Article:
1. Sofia 2013-11-24 at 21:33

      You are so right. I do realise I doubt myself way too much and we should both then stop doubting ourselves so much. xx

  7. Sunny 2013-11-24 at 14:23

    Hey Sofia, thanks for checking up on the nutrition facts! Now I’m itching to get another pumpkin and keep the seeds this time! Rosemary and garlic sound so yum!

    1. Sofia 2013-11-24 at 21:34

      The good thing about pumpkins is that you can also have fun carving faces, even if its not Halloween 🙂 and then make things with the pulp AND the seeds! xx

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    1. Sofia 2013-11-25 at 20:35

      Thanks, I’m glad you liked it 🙂

  9. dalo2013 2013-11-25 at 12:46

    Nice photos, and really good news to know the husk of the seed is good for you as I too eat the whole thing (my friends in China all think I am crazy…they only eat the inner seeds). Cheers

    1. Sofia 2013-11-25 at 20:37

      Really? haha actually I can imagine I do or eat things that is acceptable to the Asian part of me (for example considering avocados as fruit and having them with chocolate) and my friends here freak out when I tell them. Cheers!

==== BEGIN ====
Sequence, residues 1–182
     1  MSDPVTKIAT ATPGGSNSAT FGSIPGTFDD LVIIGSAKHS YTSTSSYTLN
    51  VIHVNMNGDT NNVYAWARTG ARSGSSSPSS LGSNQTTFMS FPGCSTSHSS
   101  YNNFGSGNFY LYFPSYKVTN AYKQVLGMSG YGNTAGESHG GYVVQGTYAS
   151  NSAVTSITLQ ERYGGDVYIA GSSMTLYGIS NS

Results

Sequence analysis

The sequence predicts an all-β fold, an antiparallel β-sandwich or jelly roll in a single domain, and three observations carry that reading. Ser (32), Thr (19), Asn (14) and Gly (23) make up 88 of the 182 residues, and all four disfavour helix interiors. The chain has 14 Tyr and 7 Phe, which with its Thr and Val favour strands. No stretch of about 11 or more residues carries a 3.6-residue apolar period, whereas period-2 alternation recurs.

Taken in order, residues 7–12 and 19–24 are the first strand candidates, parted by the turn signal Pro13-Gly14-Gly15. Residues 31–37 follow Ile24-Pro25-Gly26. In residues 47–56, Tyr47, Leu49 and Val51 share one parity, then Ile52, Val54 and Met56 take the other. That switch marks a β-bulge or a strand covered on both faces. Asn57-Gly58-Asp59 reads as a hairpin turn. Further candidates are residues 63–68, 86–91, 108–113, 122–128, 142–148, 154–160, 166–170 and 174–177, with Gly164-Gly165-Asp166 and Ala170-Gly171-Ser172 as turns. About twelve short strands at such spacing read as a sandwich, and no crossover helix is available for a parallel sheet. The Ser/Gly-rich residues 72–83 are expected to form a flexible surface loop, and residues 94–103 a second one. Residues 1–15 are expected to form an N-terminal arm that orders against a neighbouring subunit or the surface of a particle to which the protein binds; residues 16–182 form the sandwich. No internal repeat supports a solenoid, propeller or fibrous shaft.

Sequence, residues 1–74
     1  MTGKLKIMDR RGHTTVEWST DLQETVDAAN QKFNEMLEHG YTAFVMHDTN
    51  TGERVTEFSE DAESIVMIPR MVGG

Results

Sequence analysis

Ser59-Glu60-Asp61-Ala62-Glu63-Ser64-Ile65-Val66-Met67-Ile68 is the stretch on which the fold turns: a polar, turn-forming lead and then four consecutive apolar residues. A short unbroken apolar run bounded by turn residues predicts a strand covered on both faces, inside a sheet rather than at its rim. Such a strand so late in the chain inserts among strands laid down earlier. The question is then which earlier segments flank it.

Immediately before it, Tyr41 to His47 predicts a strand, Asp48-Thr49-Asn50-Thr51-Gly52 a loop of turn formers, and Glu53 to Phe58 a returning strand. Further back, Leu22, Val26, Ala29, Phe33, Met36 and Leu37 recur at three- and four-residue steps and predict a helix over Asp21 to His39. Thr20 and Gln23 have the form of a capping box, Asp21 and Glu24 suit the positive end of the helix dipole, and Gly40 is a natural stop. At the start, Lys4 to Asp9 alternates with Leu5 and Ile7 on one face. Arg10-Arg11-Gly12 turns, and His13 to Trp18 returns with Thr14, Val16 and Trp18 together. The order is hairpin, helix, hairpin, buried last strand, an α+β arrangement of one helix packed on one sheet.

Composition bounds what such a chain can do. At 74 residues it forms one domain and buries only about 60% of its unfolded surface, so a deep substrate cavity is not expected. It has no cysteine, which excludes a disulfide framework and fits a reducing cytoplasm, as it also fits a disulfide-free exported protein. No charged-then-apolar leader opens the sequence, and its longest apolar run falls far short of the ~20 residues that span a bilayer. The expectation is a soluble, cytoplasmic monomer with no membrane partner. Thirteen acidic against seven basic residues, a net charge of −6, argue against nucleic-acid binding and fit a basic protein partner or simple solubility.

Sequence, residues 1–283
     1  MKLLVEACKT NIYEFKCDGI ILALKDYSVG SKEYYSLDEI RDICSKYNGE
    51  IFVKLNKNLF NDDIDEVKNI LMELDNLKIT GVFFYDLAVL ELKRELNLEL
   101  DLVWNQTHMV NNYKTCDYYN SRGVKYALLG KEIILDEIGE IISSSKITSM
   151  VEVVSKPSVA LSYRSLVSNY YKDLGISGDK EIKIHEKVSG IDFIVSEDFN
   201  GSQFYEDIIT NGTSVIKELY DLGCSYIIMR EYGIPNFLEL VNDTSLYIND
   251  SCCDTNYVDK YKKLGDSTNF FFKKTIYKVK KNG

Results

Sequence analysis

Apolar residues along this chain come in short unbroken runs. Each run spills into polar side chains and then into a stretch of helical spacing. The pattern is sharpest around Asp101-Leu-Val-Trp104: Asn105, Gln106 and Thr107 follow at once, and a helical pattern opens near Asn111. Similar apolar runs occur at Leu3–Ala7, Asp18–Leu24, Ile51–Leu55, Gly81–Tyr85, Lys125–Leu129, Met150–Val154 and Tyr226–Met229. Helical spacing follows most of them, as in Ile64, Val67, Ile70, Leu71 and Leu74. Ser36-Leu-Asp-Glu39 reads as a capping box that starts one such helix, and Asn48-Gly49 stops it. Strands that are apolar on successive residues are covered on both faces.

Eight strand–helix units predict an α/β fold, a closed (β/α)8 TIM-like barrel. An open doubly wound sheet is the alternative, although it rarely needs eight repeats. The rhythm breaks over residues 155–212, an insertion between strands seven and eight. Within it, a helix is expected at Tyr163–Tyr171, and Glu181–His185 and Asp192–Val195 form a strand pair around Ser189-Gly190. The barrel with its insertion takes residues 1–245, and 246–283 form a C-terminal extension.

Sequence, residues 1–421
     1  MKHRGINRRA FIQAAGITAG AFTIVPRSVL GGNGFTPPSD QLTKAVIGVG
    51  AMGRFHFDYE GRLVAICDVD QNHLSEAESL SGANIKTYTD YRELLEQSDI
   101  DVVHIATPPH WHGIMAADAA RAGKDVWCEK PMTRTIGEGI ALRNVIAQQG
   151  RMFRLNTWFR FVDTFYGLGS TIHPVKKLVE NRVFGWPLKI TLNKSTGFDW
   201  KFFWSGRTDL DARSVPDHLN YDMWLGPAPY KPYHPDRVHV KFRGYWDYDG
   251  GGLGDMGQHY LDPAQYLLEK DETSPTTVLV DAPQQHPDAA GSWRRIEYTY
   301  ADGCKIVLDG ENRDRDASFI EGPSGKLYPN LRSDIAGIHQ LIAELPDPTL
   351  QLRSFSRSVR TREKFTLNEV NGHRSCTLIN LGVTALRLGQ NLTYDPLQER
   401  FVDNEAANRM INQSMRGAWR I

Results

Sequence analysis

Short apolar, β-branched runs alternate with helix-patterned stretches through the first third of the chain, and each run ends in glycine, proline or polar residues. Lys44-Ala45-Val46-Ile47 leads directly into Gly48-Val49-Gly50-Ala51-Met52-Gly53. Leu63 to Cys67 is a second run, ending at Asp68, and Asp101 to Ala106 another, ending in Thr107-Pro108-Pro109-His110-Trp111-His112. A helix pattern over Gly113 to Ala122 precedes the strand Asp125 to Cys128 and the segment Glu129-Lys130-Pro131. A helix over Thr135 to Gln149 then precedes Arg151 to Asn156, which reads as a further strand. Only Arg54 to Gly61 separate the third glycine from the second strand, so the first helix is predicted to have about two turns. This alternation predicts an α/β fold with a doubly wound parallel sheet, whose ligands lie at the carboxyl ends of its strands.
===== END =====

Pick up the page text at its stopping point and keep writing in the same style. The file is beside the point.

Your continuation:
1. dalo2013 2013-11-26 at 04:28

        It is a little crazy, especially because Chinese cuisine eats just about everything (and they make it all delicious as well). Avocados and chocolate…I will have to see it to believe it 🙂

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  11. rickyyuliam 2013-12-03 at 04:26

    wahhh biji labu…yah
    di indonesia nama nya kuaci…lol…
    nice to meet you…
    From Indonesia
    Ricky. . .

  12. laurasmess 2013-12-03 at 08:45

    I always thought it was necessary to remove the husks as most people I know (Asians included) seem to split and discard the husks whilst eating the kernels. Very cool. Love the photos in this, and thanks for the info! xx